(D) Ages 10-12, (E) Ages 12-15, Middle Grades, Realistic Fiction
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Newberry Buzz: Orbiting Jupiter by Gary Schmidt

Today wraps up our discussion of middle-grade novels being touted as possible contenders for the 2016 Newbery Award.  The awards will be announced early this year: January 11.  So on Saturday Betsy and Janie will post their highly-anticipated predictions.  Check back next week to see how we did!

Betsy: Gary D. Schmidt is yet another formerly-honored Newbery author with a new title out this year. orbiting-jupiterOrbiting Jupiter tackles some heavy subjects indeed in its short, suspenseful pages. 14-year-old Joseph Brooks joins 12-year-old Jack Hurd’s family as a foster son. Joseph has quite a past: his father is violent and inept, he’s already a father himself at his young age, and he’s spent time in juvie. Despite this, Joseph is a tremendously sympathetic character in many ways, and the reader grows to understand him through Jack’s eyes. This novel is for mature readers, those ready to discuss teen pregnancy, family violence, grief, loneliness, abandonment, and a host of related issues.

Janie, it’s hard to know where to start with this book without revealing all sorts of plot spoilers. Let’s start with the characters of Jack and Joseph. Do they work? Are they believable as characters, particularly given their backstories? In particular, what do you think of their ages?

Janie: You can’t help liking Jack. He’s obviously benefited from loving, understanding parents who have somehow instilled open-hearted compassion in him. Mr. and Mrs. Hurd have taken in foster children in the past (though it’s been a long time since) and once they hear about Joseph, they immediately offer to take him. That’s actually the first red flag for me: Joseph has obvious “issues” and was expelled from his last juvenile home for attacking a teacher (this is all in the first few pages, so I’m not giving much away). Wouldn’t the parents want to think about it first, especially with a younger child in the home? Apparently they go on instinct, and their instincts are correct because, as you mentioned earlier, Joseph has a noble soul lurking under that hair-triggered exterior. He’s very guarded and solemn and can’t stand to be touched, but this is all because of what’s been done to him. (Some of that is unstated, but we understand his father is an abuser and the boys in juvie regularly beat up on him.)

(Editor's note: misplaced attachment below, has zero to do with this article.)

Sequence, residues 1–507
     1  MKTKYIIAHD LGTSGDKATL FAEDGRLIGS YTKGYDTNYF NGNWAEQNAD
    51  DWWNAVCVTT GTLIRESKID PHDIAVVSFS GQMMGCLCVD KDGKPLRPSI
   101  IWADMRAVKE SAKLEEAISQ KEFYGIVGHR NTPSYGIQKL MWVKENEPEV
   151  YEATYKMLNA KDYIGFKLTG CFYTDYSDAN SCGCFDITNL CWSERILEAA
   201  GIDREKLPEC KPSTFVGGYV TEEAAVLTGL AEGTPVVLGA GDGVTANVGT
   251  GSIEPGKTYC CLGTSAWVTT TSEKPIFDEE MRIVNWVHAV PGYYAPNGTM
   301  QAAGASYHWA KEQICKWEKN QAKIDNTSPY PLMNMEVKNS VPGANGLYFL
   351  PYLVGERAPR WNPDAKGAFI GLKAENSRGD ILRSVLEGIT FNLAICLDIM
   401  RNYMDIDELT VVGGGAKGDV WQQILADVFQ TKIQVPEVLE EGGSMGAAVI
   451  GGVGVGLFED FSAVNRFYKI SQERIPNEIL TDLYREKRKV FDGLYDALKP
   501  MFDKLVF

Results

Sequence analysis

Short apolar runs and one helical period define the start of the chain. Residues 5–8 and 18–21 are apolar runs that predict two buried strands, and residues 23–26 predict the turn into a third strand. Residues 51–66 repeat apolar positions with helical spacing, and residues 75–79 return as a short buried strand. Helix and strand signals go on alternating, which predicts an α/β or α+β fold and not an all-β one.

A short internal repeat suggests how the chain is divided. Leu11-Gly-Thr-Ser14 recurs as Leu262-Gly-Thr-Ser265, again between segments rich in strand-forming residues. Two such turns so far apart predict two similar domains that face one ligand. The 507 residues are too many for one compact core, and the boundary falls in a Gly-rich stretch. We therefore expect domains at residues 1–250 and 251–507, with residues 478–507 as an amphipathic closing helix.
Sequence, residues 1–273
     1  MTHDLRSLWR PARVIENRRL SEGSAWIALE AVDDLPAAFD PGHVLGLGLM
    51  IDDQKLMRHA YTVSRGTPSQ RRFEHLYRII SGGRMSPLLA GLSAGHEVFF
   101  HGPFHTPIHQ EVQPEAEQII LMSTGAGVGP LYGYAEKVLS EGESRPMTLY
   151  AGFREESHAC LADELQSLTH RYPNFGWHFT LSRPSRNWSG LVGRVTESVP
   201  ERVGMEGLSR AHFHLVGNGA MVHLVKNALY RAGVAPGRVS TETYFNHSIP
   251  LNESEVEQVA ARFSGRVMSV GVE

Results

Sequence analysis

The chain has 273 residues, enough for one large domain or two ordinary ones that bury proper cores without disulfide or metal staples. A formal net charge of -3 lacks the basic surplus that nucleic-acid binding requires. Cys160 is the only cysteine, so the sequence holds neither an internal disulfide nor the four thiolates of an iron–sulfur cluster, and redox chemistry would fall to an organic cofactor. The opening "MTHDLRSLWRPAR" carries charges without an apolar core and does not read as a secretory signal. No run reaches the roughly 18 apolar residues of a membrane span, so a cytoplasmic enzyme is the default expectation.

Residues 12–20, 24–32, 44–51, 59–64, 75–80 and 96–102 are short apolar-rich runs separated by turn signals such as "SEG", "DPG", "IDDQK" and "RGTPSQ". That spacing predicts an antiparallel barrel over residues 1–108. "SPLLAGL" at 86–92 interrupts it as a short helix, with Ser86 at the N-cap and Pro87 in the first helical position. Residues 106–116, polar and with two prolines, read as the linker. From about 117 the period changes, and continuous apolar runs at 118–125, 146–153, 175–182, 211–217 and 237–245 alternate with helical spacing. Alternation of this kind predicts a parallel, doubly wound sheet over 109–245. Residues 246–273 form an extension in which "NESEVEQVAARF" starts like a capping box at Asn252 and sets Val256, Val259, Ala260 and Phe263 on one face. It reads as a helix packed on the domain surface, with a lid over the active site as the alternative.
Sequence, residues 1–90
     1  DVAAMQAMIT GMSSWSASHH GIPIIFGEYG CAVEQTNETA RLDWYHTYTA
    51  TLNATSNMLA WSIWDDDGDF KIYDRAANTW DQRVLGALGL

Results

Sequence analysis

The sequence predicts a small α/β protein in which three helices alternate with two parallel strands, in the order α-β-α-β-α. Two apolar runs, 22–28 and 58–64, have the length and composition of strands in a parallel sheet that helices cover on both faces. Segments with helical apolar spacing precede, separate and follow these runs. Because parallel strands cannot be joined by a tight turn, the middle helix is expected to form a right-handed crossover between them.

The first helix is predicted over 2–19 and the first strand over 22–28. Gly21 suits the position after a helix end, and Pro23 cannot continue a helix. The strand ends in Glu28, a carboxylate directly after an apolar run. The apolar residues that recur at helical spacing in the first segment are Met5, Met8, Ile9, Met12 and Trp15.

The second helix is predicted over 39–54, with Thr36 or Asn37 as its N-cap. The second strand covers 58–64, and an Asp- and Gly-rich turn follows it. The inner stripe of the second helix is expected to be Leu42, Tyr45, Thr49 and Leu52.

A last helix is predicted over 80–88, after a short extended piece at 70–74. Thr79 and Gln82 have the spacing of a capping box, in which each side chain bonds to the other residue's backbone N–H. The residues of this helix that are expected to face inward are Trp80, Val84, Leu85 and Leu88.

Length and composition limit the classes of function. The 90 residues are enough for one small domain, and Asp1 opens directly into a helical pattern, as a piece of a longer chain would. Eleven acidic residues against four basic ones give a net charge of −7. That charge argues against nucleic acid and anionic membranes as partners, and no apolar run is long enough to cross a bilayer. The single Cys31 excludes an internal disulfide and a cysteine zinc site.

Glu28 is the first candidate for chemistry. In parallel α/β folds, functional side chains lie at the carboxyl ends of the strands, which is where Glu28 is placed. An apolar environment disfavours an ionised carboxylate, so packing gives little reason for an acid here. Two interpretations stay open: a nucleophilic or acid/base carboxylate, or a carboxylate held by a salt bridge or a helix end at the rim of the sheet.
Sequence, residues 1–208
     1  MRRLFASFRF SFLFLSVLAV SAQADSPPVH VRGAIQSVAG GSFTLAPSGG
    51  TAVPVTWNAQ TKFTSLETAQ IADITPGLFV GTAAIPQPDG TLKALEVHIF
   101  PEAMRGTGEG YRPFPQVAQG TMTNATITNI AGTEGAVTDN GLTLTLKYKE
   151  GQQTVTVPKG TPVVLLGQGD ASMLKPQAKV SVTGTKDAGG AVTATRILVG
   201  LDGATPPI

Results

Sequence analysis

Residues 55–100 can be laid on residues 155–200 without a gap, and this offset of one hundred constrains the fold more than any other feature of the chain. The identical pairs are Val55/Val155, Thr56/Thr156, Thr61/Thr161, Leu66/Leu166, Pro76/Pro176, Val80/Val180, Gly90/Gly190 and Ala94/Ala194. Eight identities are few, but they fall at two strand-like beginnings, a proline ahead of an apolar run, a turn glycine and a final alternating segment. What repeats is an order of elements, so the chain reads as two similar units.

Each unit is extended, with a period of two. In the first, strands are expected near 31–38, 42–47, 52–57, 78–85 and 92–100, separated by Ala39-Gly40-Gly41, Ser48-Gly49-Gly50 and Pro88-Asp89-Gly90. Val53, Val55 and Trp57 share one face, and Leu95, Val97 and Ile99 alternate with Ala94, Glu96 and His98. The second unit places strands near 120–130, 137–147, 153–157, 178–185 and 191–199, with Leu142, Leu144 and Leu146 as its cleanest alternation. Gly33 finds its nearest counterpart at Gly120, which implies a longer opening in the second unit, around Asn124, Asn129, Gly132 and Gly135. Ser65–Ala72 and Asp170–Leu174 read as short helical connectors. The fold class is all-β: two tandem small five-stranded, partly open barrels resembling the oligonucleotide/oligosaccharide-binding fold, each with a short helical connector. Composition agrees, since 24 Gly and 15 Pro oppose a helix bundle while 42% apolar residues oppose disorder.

Well, okay, I get that, but Joseph is not an entirely believable character to me. We know, very early on, that he impregnated a girl when they both were 13, but she was the only lovely (and lovable) person he had ever known. Afterwards, he stakes his whole identity on her and their infant daughter; they are his north star. His love is presented as naive but sincere–still, I don’t understand how Joseph could sincerely love at that point in his life, since he hasn’t known much love. It’s something you learn. His age isn’t too unusual, actually: one of my nephews fathered a child at age 14 and it wasn’t out of love at all! I’m trying not to be cynical here, and it’s certainly not impossible for God to gift a young man with an exceptionally tender heart. But original sin seems to have skipped over Joseph, and I have a hard time buying it.